IOGT was not the first temperance or total abstinence society. There was a sporadic growth of such organizations in the early decades of the nineteenth century, particularly in North America, Great Britain and in several other parts of Europe. Drinking problems had become endemic in these parts of the world and were severely affecting the fabric of society by blighting families and causing poverty, misery and distress to children. Drink was also seen as detrimental to the growth of commercialism and industrialization at the time.
IOGT started in America in the middle of the 19th century. At Oriskany Falls (then known as Castor Hollow) a village near Utica, a lodge of the Knights of Jericho was established in 1850. Shortly afterwards, it was visited by 13 members of a group which had been established in Utica. Under the leadership of Wesley Bailey, this body of printers decided to rename the two lodges as the "Order of Good Templars." Thus, in 1851 in Utica, the name of "Good Templar" came into existence.
Over the next 12 months, 14 Good Templar lodges were established; by the summer of 1852, a convention was called in Utica to establish a Grand Lodge. During the convention, a dispute broke out between Wesley Bailey and Leverett Coon, who had established a lodge in Syracuse.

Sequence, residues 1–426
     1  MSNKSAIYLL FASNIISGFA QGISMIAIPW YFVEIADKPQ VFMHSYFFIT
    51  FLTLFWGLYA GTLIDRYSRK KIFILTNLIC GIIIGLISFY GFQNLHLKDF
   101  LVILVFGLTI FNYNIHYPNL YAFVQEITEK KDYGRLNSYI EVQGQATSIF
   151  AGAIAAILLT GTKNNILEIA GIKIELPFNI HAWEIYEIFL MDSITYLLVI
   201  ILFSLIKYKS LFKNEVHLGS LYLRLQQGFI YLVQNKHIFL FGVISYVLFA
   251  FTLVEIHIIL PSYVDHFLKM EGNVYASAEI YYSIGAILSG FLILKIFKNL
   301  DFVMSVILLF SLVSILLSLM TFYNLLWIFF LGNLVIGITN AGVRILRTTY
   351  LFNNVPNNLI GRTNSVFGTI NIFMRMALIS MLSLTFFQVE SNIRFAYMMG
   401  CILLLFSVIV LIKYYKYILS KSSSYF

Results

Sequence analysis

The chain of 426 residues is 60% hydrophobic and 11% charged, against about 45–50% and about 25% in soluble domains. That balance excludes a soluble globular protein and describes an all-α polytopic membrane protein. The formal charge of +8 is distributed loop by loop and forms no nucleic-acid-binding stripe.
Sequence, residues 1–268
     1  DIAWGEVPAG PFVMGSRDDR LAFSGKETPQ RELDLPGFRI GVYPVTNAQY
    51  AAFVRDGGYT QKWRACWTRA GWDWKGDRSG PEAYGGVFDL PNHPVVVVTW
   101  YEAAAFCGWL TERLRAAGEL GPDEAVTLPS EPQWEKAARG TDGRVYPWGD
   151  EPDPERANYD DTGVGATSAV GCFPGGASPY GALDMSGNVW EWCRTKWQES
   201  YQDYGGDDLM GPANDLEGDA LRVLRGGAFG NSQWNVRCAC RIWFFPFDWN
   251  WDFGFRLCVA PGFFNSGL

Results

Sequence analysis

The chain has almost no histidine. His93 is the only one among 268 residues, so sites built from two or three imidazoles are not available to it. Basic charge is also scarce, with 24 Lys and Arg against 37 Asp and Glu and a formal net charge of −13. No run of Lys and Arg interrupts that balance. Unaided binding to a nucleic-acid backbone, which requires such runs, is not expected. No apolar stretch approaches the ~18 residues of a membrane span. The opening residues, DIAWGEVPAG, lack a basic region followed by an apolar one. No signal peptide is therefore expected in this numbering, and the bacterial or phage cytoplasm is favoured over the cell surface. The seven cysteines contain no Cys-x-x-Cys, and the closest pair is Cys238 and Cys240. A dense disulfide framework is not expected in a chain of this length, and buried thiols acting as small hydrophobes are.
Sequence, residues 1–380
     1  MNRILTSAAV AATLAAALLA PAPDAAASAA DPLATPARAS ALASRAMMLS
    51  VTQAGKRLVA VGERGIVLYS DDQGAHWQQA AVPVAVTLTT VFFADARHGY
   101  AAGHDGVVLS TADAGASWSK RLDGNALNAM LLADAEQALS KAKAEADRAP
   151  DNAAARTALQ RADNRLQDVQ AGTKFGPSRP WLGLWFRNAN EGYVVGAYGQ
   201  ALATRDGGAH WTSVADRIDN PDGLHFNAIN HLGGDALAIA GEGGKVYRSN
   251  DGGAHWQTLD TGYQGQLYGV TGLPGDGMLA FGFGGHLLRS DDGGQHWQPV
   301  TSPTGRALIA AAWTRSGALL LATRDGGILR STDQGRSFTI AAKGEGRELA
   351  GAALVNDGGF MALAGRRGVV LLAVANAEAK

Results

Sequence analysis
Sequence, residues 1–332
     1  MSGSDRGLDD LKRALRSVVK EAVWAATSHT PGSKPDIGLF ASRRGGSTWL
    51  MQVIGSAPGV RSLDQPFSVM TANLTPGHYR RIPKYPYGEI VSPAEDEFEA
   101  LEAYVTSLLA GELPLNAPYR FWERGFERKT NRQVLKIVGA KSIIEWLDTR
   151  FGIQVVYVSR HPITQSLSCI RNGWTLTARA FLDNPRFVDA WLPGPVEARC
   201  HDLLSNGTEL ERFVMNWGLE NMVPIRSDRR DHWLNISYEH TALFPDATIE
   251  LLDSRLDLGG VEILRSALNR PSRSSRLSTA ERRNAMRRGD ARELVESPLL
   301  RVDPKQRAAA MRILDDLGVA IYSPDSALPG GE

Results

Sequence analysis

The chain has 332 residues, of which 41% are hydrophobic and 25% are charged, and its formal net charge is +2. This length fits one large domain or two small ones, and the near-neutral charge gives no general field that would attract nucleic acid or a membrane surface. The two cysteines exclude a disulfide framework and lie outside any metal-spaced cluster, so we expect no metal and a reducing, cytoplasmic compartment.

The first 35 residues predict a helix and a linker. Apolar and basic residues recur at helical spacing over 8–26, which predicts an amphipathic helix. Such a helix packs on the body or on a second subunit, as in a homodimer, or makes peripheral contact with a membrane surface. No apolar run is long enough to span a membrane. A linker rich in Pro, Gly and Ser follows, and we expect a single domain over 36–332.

Leverett Coon left the meeting and his lodge, Excelsior, in Syracuse supported his actions by renaming the organization the "Independent Order of Good Templars" with the motto altered to "Faith, Hope and Charity".
After a faltering start, the Order had a phenomenal rise in the United States, establishing itself throughout the Union and in Canada.
In 1868 a man named Joseph Malins returned to his native England and held a meeting in a small chapel in Cregoe Street, Birmingham. From this small gathering IOGT was to spread to the continent of Europe and to the rest of the world.
Within two to three years the Order spread to Ireland, Wales, Australia, Malta, New Zealand, France, Portugal, Cape Colony South Africa, Bermuda, Belgium and East India.
By 1876 the Order had been planted in Ceylon (Sri Lanka), Madras, British Honduras, British Guyana, the island of St. Christopher, Jamaica, Malacca, China, Japan, Sierra Leone, St. Helena, Argentina, Trinidad, Grenada and the Bahamas. After 1876 it was established in Norway, Sweden, Denmark, Iceland, Switzerland, Germany and Jerusalem and from 1900 onwards Holland, Burma, Colonial Malay, Nigeria and Panama.
The work among children was officially recognized in 1871 and was soon organized in separate chapters with their own specific rules and rituals. Officially, the lower age limit was 5 years. Members over 16 years were to join the adult lodge. Youth groups were formed within the lodges. Separate Good Templar youth organizations were formed in some countries at the beginning of the 20th Century.
The idea of separate youth groups spread rapidly after World War II. The international umbrella for the youth work, "The International Good Templar Youth Federation" (IGTYF) was founded in 1962. It is now called ACTIVE Europe and works with European organisaitons